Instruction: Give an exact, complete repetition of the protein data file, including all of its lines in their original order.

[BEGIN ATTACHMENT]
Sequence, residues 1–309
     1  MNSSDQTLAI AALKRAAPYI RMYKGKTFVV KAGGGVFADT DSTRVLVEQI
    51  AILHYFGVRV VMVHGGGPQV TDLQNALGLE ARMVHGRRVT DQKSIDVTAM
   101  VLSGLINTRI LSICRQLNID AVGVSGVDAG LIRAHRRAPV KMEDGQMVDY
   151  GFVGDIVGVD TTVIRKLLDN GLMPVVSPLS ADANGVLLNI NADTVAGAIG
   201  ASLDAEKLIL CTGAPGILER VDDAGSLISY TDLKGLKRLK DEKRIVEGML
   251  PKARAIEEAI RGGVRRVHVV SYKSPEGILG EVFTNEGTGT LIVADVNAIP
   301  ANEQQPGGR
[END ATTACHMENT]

Sequence, residues 1–309
     1  MNSSDQTLAI AALKRAAPYI RMYKGKTFVV KAGGGVFADT DSTRVLVEQI
    51  AILHYFGVRV VMVHGGGPQV TDLQNALGLE ARMVHGRRVT DQKSIDVTAM
   101  VLSGLINTRI LSICRQLNID AVGVSGVDAG LIRAHRRAPV KMEDGQMVDY
   151  GFVGDIVGVD TTVIRKLLDN GLMPVVSPLS ADANGVLLNI NADTVAGAIG
   201  ASLDAEKLIL CTGAPGILER VDDAGSLISY TDLKGLKRLK DEKRIVEGML
   251  PKARAIEEAI RGGVRRVHVV SYKSPEGILG EVFTNEGTGT LIVADVNAIP
   301  ANEQQPGGR